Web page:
Spatial Persistent Stores API

Last Updated: May 2017

Persistent store databases can support spatial data types. The spatial capabilities are provided by the PostGIS extension for the PostgreSQL database. PostGIS extends the column types of PostgreSQL databases by adding geometry, geography, and raster types. PostGIS also provides hundreds of database functions that can be used to perform spatial operations on data stored in spatial columns. For more information on PostGIS, see

The following article details the the spatial capabilities of persistent stores in Tethys Platform. This article builds on the concepts and ideas introduced in the Persistent Stores API documentation. Please review it before continuing.

Spatial Persistent Store Settings

Registering spatially enabled persistent stores is the same process as registering normal persistent stores. The only difference is that you will set the spatial attribute of the PersistentStoreDatabaseSetting object to True:

from tethys_sdk.base import TethysAppBase
from tethys_sdk.app_settings import PersistentStoreDatabaseSetting

class MyFirstApp(TethysAppBase):
    Tethys App Class for My First App.

    def persistent_store_settings(self):
        ps_settings = (
                description='Primary spatially enabled database for my_first_app.',

        return ps_settings


The ellipsis in the code block above indicates code that is not shown for brevity. DO NOT COPY VERBATIM.

Adding Spatial Columns to Model

Working with the raster, geometry, and geography column types provided by PostGIS is not supported natively in SQLAlchemy. Tethys Platform includes GeoAlchemy2, which extends SQLAlchemy to support spatial columns and database functions. The following example illustrates how a data model could be developed using SQLAlchemy and GeoAlchemy2:

from sqlalchemy.ext.declarative import declarative_base
from sqlalchemy import Column, Integer
from sqlalchemy.orm import sessionmaker

from geoalchemy2 import Geometry

# Spatial DB Engine, sessiomaker, and base
Base = declarative_base()

# SQLAlchemy ORM definition for the spatial_stream_gages table
class SpatialStreamGage(Base):
    Example of SQLAlchemy spatial DB model
    __tablename__ = 'stream_gages'

    # Columns
    id = Column(Integer, primary_key=True)
    value = Column(Integer)
    geometry = Column(Geometry('POINT'))

    def __init__(self, latitude, longitude, value):
        Constructor for a gage
        self.geometry = 'SRID=4326;POINT({0} {1})'.format(longitude, latitude)
        self.value = value

This data model is very similar to the data model defined in the Persistent Stores API documentation. Rather than using Float columns to store the latitude and longitude coordinates, the spatial data model uses a GeoAlchemy2 Geometry column called "geometry". Notice that the constructor ( takes the latitude and longitude provided and sets the value of the geometry column to a string with a special format called Well Known Text. This is a common pattern when working with GeoAlchemy2 columns.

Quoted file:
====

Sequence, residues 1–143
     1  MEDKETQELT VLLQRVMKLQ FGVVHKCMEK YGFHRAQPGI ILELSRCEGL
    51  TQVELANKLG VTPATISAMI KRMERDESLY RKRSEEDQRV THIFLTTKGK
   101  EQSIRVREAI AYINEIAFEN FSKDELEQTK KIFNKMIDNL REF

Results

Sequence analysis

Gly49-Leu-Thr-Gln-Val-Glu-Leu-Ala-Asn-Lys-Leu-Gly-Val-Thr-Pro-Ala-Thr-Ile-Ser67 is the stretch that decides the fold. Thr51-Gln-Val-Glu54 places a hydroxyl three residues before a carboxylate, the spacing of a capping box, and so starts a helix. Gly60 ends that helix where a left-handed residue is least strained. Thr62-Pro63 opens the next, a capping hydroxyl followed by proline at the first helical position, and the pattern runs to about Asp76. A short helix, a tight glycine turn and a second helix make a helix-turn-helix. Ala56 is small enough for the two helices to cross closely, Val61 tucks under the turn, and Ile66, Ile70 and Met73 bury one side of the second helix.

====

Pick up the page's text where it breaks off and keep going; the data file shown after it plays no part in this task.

Initialization Function

Initializing spatial persistent stores is performed in exactly the same way as normal persistent stores. An initialization function for the example above, would look like this:

from sqlalchemy.orm import sessionmaker
from .model import Base, SpatialStreamGage

def init_spatial_db(engine, first_time):
    An example persistent store initializer function
    # Create tables

    # Initial data
    if first_time:
        # Make session
        SessionMaker = sessionmaker(bind=engine)
        session = SessionMaker()

        # Gage 1
        gage1 = SpatialStreamGage(


        # Gage 2
        gage2 = SpatialStreamGage(



Using Spatial Database Functions

One of the major advantages of storing spatial data in PostGIS is that the data is exposed to spatial querying. PostGIS includes over 400 database functions (not counting variants) that can be used to perform spatial operations on the data stored in the database. Refer to the Geometry Function Reference and the Raster Function Reference in the PostGIS documentation for more details.

GeoAlchemy2 makes it easy to use the spatial functions provided by PostGIS to perform spatial queries. For example, the ST_Contains function can be used to determine if one geometry is contained inside another geometry. To perform this operation on the spatial stream gage model would look something like this:

from sqlalchemy import func
from .model import SpatialStreamGage, SpatialSessionMaker

session = SpatialSessionMaker()
query = session.query(SpatialStreamGage).filter(
            func.ST_Contains('POLYGON((0 0,0 1,1 1,0 1,0 0))', SpatialStreamGage.geom)


This article only briefly introduces the concepts of working with GeoAlchemy2. It is highly recommended that you complete the GeoAlchemy ORM tutorial.